• Entrepreneurship Typically prefer to be their own boss. Many retail career areas and positions offer lots of opportunities to be entrepreneurial, without the ultimate responsibility of business ownership. But, a large component of retailers own their own store(s). Single, independent, and privately-owned retail businesses account for 95% of the retail industry.
  • Sales and Sales-Related The service side of retail. The sales and sales-related retail career area includes positions like sales associate, cashier, store stock associate, and stock receiver. These frontline positions are retail's core business--serving the customer and generating sales. The passion for working with all varieties of people, flexibility, level-headedness, problem solving, and teamwork are critical for success in this area. These positions are typically entry points into retail careers, though some choose to spend their professional lives here, particularly in high-end commission-based sales areas like jewelry, appliances, and others. Frontline sales experience is highly valued and many retailers promote from within.
  • Visual Merchandising Coordinator The essence of retail is defined by the ability to compel the prospective customer to stop, to look, and to buy. Today's customers look beyond simple commodities and basic merchandise, to that which satisfies their wants, needs, and desires. This informed consumer demands selection and quality. To fulfill these expectations, successful visual merchandising coordinators retailers place a great emphasis on compelling life-style presentations of merchandise. The store environment serves as the selling stage for the latest merchandise offerings of the day. Visual merchandising is the passion of retailing.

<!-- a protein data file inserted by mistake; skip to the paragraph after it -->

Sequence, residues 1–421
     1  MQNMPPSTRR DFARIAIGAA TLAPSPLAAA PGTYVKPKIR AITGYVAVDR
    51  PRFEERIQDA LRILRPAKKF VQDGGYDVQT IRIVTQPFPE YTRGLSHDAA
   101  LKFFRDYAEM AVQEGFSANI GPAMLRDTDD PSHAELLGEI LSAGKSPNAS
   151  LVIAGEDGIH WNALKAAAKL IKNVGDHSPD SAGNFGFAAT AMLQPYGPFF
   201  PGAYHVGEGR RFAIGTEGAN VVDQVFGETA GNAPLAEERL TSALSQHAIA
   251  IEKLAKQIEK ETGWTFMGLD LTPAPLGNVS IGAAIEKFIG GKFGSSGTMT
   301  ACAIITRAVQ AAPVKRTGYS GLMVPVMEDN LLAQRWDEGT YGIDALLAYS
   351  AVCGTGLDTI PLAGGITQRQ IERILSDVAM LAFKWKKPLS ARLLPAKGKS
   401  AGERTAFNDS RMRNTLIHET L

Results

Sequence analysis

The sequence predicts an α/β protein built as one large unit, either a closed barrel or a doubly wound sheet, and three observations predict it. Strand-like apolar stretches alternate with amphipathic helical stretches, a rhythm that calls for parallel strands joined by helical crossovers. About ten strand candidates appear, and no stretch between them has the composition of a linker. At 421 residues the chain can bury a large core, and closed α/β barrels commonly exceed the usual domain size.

• Personal Shopper Assists customers with a level of individualized attention and service beyond what a retail associate would offer. A shopper can help a customer pull together an entire season's wardrobe based on his or her needs, budget or style, or find just the right gift based on a client's suggestions. Personal shoppers usually work in upscale department or specialty stores; some work on commission, while others are salaried.
  • Store Operations Retail professionals in the store operations career area oversee overall store operations and profits. Sample position titles include Head of Store Operations, Regional Manager, and District Manager, and responsibilities in this area may include managing staff functions like loss prevention and/or human resources.
  • Product Developer Involves management- strategy setting, planning, organizing, resourcing, prioritizing, researching, scheduling, renewing, recycling, retiring, enabling, supporting, measuring, improving, collaborating, etc. for products and services, portfolios, and a company's whole product development program. Johns in product development operations generating, defining, designing, testing, validating, prototyping, modeling, building, developing, provisioning, sourcing, maintaining, changing.
  • Public Relations Manager Public relations managers direct publicity programs to an audience upon which their organization's success depends, such as consumers, stockholders or the general public. They often specialize in a specific area, like crisis management, or a specific industry, such as healthcare. They use all available communication media in their efforts to maintain their target group's support